Sanofi flu vaccines are available at Walgreens, Kroger, Albertsons and Walmart nationwide. Schedule an appointment and/or drop into your local store’s pharmacy to request yours today.

What are FLUBLOK® QUADRIVALENT (INFLUENZA VACCINE) and FLUZONE® HIGH-DOSE QUADRIVALENT (INFLUENZA VACCINE)?

Flublok Quadrivalent and Fluzone High-Dose Quadrivalent are indicated for immunization against disease caused by influenza A and B strains contained in the vaccine. Flublok Quadrivalent is given to people 18 years of age and older. Fluzone High-Dose Quadrivalent is given to people 65 years of age and older.

IMPORTANT SAFETY INFORMATION

Flublok Quadrivalent and Fluzone High-Dose Quadrivalent should not be given to anyone who has had a severe allergic reaction (anaphylaxis) to any component of the vaccine (including egg protein for Fluzone High-Dose Quadrivalent). In addition, Fluzone High-Dose Quadrivalent should not be given to anyone who has had a severe allergic reaction after previous dose of any influenza vaccine.

Tell your health care provider if you have ever had Guillain-Barré syndrome (severe muscle weakness) after a previous influenza vaccination.

If Flublok Quadrivalent and Fluzone High-Dose Quadrivalent are given to people with a compromised immune system, including those receiving therapies that suppress the immune system, the immune response may be lower than expected.

Vaccination with Flublok Quadrivalent and Fluzone High-Dose Quadrivalent may not protect all people who receive the vaccine.

For Flublok Quadrivalent, in adults 18 through 49 years of age, the most common side effects were tenderness, and/or pain where you got the shot; headache, tiredness, muscle aches, and joint pain. In adults 50 years of age and older the most common side effects were tenderness, and/or pain where you got the shot; headache, and tiredness.

For Fluzone High-Dose Quadrivalent, in adults 65 years of age and older, the most common side effects were pain, redness, and/or swelling where you got the shot; muscle aches, headache, and general discomfort.

For Flublok Quadrivalent and Fluzone High-Dose Quadrivalent, other side effects may occur.

For more information, talk to your health care professional and refer to the full Prescribing Information for Flublok Quadrivalent or Fluzone High-Dose Quadrivalent. Also, please see complete Patient Information for Fluzone High-Dose Quadrivalent.

References

  1. Institute of Medicine (US) Forum on Microbial Threats; Knobler SL, Mack A, Mahmoud A, et al., editors. The Threat of Pandemic Influenza: Are We Ready? Workshop Summary. Washington (DC): National Academies Press (US); 2005. 1, The Story of Influenza. Available from: https://www.ncbi.nlm.nih.gov/books/NBK22148/
  2. Centers for Disease Control and Prevention. Key Facts About Influenza (Flu). Available at: https://www.cdc.gov/flu/about/keyfacts.htm. Accessed September 2023.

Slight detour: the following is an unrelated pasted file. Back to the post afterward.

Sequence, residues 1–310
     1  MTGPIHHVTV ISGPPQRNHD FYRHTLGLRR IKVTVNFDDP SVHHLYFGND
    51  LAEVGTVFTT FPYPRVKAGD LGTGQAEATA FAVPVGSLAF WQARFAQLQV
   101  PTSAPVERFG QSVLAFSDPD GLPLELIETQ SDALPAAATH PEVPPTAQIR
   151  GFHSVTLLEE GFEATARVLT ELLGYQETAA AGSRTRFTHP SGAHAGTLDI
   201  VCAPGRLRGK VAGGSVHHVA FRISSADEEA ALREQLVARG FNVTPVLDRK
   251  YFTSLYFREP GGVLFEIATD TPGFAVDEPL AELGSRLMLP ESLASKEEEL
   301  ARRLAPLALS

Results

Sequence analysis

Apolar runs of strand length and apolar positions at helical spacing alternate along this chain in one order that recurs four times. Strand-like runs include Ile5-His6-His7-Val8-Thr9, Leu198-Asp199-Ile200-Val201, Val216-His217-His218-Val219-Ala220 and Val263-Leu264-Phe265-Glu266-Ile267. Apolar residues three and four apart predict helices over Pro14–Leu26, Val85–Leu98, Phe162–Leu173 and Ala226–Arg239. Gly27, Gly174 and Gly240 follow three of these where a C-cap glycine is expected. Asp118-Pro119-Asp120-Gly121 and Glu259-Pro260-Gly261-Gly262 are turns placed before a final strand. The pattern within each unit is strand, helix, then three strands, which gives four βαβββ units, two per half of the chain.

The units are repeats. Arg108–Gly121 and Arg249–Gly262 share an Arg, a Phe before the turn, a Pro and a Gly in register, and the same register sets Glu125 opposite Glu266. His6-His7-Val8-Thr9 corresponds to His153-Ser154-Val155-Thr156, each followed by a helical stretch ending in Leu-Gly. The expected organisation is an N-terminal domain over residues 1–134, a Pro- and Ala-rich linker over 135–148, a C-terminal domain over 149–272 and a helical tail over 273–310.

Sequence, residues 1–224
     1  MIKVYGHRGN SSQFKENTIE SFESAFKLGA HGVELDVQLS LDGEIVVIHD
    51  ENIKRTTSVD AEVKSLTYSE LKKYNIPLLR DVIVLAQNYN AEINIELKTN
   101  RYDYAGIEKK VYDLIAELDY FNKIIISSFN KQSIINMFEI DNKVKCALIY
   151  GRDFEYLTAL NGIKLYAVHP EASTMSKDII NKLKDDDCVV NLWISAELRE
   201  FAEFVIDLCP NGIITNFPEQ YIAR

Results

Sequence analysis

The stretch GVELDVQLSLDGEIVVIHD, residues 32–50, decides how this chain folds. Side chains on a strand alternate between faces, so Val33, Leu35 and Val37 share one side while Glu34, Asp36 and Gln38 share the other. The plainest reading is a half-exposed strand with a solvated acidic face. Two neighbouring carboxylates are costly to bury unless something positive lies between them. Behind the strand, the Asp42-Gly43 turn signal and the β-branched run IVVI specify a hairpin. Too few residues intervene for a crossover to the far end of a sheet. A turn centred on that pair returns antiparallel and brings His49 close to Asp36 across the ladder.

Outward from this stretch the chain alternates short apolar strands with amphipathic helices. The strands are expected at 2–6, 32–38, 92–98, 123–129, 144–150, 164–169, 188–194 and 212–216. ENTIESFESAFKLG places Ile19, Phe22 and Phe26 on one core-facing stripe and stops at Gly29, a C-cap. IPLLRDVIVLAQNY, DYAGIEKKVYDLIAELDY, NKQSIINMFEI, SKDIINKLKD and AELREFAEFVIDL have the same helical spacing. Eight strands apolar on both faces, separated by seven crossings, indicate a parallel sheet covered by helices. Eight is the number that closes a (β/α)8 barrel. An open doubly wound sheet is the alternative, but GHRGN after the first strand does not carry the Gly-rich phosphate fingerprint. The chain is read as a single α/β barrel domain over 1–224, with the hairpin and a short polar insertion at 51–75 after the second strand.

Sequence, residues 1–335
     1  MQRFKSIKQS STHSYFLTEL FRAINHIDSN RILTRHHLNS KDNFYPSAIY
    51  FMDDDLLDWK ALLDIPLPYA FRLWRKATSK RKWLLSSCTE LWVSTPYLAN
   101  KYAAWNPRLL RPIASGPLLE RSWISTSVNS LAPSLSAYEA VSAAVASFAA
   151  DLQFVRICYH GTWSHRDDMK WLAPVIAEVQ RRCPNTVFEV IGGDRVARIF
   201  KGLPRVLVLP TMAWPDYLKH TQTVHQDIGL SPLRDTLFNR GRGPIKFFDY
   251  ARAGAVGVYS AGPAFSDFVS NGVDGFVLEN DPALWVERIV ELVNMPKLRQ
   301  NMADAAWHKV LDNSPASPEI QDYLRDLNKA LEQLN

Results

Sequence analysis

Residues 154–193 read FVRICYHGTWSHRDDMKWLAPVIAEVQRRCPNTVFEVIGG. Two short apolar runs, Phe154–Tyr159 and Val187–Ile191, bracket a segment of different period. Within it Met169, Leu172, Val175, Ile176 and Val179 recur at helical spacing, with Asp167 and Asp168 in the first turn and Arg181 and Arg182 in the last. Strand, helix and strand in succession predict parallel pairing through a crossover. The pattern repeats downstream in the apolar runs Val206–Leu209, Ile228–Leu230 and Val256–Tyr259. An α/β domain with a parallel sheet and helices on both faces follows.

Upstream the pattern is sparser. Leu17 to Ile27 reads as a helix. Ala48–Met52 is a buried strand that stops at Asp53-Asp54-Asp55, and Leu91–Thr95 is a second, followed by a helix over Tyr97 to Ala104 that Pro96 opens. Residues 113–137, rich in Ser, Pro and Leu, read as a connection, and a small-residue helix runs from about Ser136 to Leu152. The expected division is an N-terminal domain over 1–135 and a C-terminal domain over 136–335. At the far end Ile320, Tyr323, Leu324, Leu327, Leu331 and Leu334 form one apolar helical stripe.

3. Centers for Disease Control and Prevention. Who Needs a Flu Vaccine. Available at: https://www.cdc.gov/flu/prevent/vaccinations.htm. Accessed September 2023.
  4. Center for Disease Control and Prevention. Flu Symptoms & Complications. https://www.cdc.gov/flu/symptoms/symptoms.htm. Accessed October 2023.
  5. Dunkle, Lisa, Izikson, Ruvim, et al. Efficacy of Recombinant Influenza Vaccine in Adults 50 Years of Age or Older. N Engl J Med 2017. 376:2427-2436. Accessed October 2023.
  6. Centers for Disease Control and Prevention. People at Higher Risk of Flu Complications. Available at: https://www.cdc.gov/flu/highrisk/index.htm. Accessed September 2023.
  7. Centers for Disease Control and Prevention. Flu & People 65 Years and Older. Available at: https://cdc.gov/flu/highrisk/65over.htm. Accessed September 2023.
  8. Centers for Disease Control and Prevention. Recommendations of the Advisory Committee on Immunization Practices — United States, 2023–24 Influenza Season. Available at: https://www.cdc.gov/mmwr/volumes/72/rr/rr7202a1.htm?s_cid=rr7202a1_w Accessed September 2023.
  9. Centers for Disease Control and Prevention. ACIP Flu Meeting Update: Flu Vaccines Worked Better than Reported & ACIP Recommends Specific Vaccines for Seniors. Available at: https://www.cdc.gov/flu/spotlights/2021-2022/specific-vaccines-seniors.htm. Accessed September 2023.
  10. Fluzone High Dose Quadrivalent [Prescribing Information]. Swiftwater, PA: Sanofi. Accessed September 2023.
  11. Flublok Quadrivalent [Prescribing Information]. Swiftwater, PA: Sanofi. Accessed September 2023.
  12. National Foundation for Infectious Diseases. Flu and Older Adults. Available at: https://www.nfid.org/infectious-diseases/flu-and-older-adults/
  13. Dhanasekaran, V., Sullivan, S., Edwards, K.M. et al. Human seasonal influenza under COVID-19 and the potential consequences of influenza lineage elimination. Nat Commun 13, 1721 (2022). https://doi.org/10.1038/s41467-022-29402-5. Accessed July 2023.
  14. U.S. Department of Health and Human Services. Immunization. Getting Vaccinated. Hot to Pay. Available at: https://www.hhs.gov/immunization/get-vaccinated/pay/index.html. Accessed September 2023.

MAT-US-2309132-v1.0-10/2023